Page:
Based on your specific combination of answers, you’ll be provided with advice as to the best route forward. In some cases, you’ll be advised to seek legal support to help you work out the value of the deceased’s estate before it can be shared among the beneficiaries.

Generally, however, if there is no surviving spouse or civil partner, then the person who is next of kin inherits the estate.

Who is your next of kin legally in the UK?

While there’s no real legal definition for the term, typically, someone’s next of kin is their closest living relative. This individual also tends to be the deceased’s ‘emergency contact’ and in many cases they will have the most inheritance rights and obligations.

Despite there being no clear legal rules of who you can appoint to be your next of kin, the appointed individual is often the person you have the closest relationship with, such as your spouse, civil partner, or long-term partner.

As a result, your next of kin isn’t always blood-related, but they can be, especially if you aren’t married, haven’t entered into a civil partnership, or don’t have a long-term partner. While there are no laws surrounding who you can name as your next of kin, there are set rules when it comes to who is responsible for handling the deceased’s affairs when they pass.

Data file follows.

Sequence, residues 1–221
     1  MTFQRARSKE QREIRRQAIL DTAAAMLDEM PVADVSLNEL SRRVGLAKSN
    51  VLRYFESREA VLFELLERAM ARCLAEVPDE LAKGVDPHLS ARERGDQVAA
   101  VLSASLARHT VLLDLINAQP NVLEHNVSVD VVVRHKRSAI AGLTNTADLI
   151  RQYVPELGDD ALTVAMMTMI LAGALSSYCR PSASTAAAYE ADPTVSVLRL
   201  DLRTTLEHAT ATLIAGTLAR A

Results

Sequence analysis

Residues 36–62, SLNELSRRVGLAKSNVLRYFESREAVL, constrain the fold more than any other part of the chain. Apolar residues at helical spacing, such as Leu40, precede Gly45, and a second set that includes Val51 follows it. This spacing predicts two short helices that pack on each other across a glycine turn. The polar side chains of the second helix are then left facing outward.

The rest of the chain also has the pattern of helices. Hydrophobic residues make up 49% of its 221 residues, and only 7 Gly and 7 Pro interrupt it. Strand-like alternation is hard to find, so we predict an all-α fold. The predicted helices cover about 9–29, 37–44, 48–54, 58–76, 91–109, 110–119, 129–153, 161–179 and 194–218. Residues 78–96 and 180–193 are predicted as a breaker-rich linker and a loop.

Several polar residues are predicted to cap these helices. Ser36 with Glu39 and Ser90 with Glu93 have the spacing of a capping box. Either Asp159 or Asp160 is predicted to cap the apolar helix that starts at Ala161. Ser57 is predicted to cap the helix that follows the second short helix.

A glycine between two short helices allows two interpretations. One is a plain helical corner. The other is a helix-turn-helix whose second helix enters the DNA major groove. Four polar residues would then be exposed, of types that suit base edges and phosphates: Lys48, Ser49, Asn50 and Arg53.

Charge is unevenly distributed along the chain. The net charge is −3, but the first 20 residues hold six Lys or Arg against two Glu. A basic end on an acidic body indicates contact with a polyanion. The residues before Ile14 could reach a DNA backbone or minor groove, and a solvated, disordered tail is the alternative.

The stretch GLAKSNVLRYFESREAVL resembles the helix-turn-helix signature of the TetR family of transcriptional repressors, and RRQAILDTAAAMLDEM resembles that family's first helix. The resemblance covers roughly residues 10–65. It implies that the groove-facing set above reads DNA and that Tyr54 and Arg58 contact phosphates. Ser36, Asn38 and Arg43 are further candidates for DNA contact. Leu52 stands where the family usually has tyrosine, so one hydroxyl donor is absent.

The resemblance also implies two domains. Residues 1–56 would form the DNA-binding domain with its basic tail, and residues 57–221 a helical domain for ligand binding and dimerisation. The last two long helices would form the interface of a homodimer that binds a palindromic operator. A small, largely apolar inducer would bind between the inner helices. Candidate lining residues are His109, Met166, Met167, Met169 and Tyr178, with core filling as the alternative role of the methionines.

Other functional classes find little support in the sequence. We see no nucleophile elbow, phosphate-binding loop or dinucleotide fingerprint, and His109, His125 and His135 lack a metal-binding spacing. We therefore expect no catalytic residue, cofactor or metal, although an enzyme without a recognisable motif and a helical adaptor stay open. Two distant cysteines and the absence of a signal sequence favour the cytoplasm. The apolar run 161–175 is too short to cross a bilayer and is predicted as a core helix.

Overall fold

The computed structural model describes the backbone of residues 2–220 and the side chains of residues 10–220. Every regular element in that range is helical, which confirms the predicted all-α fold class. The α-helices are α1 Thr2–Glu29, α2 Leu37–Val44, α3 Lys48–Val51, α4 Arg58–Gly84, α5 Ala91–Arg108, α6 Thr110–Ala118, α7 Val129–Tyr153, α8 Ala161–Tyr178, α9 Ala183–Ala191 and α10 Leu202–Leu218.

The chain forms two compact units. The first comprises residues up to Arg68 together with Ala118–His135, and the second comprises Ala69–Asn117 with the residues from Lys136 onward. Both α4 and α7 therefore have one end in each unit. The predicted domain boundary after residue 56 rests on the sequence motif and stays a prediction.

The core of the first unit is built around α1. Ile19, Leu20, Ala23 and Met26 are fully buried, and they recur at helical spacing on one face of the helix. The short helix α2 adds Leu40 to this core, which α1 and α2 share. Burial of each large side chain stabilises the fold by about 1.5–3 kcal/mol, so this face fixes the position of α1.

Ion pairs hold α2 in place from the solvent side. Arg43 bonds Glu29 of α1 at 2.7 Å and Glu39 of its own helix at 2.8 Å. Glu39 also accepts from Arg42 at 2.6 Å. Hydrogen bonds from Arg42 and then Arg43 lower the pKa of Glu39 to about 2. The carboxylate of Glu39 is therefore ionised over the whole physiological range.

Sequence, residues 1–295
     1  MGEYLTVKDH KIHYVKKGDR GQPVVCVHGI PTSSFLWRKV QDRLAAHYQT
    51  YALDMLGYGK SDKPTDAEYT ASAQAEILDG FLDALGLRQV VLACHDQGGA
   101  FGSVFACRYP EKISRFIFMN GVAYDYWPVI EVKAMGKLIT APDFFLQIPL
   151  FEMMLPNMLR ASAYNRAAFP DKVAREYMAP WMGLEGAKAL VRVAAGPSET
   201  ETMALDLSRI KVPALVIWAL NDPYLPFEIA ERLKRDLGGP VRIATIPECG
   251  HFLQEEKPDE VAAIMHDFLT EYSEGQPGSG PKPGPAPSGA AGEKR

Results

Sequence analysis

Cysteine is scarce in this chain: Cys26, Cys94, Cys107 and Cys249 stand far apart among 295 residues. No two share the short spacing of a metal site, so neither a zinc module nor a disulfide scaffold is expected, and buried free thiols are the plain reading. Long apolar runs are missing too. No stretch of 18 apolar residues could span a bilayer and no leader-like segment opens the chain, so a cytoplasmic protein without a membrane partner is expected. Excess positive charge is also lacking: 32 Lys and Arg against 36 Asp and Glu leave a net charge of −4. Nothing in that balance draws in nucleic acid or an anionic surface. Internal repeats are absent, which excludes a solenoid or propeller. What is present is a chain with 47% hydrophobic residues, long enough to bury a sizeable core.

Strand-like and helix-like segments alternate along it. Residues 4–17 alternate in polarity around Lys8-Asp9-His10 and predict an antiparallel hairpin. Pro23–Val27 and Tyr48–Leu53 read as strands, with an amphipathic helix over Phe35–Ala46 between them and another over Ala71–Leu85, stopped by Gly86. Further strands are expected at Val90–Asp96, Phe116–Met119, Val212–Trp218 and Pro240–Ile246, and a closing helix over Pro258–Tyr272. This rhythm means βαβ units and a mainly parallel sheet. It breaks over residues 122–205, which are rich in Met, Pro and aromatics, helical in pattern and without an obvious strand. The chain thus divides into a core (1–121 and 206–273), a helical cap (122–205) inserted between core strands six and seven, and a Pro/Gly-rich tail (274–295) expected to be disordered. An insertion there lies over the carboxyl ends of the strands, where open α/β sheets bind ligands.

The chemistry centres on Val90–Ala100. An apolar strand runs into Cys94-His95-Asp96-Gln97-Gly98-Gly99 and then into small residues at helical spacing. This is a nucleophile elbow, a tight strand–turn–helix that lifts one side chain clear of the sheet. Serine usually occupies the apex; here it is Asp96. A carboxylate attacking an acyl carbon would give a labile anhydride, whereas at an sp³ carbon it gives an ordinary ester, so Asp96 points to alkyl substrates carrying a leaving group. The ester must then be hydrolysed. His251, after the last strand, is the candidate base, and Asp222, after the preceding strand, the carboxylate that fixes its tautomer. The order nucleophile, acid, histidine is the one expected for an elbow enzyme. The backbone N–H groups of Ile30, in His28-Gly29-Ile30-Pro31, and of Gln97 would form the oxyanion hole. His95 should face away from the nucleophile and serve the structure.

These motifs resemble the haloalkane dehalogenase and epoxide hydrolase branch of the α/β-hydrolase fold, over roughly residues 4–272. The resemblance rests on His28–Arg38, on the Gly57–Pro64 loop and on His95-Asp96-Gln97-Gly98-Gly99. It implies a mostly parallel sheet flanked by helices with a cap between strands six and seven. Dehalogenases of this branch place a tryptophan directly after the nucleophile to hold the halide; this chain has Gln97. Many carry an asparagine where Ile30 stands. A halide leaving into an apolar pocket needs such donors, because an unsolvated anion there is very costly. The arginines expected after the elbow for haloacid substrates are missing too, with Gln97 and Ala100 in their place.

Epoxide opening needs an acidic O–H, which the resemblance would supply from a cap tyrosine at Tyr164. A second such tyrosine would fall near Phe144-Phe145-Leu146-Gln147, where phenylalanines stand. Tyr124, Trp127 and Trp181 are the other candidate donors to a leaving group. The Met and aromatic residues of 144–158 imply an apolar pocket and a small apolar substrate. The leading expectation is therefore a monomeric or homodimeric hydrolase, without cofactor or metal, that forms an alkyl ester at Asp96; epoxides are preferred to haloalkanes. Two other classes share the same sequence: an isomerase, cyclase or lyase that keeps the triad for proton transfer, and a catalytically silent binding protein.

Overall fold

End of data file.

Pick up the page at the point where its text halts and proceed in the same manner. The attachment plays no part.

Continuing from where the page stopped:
If there is no will, or if the will is invalid or doesn’t name an executor, then the intestacy rules will determine who can apply to the administrator of the estate. Generally, the next of kin order starts with your spouse or civil partner, then your children (biological and adopted), parents, siblings, and grandparents.

In the event that there are no surviving siblings, nieces, or nephews of the deceased, then half-brothers and sisters will be the next of kin. If you’re unsure who is next of kin for your recently deceased loved one, it’s often worth contacting an experienced solicitor.

What happens if someone dies without relatives?

If the deceased has no surviving relatives at all after 12 years of attempting to trace potential relatives, then the estate passes to the Crown.

Handled by the Treasury Solicitor, this is known as ‘Bona Vacantia’ which refers to the process of ownerless property or goods going to the Crown.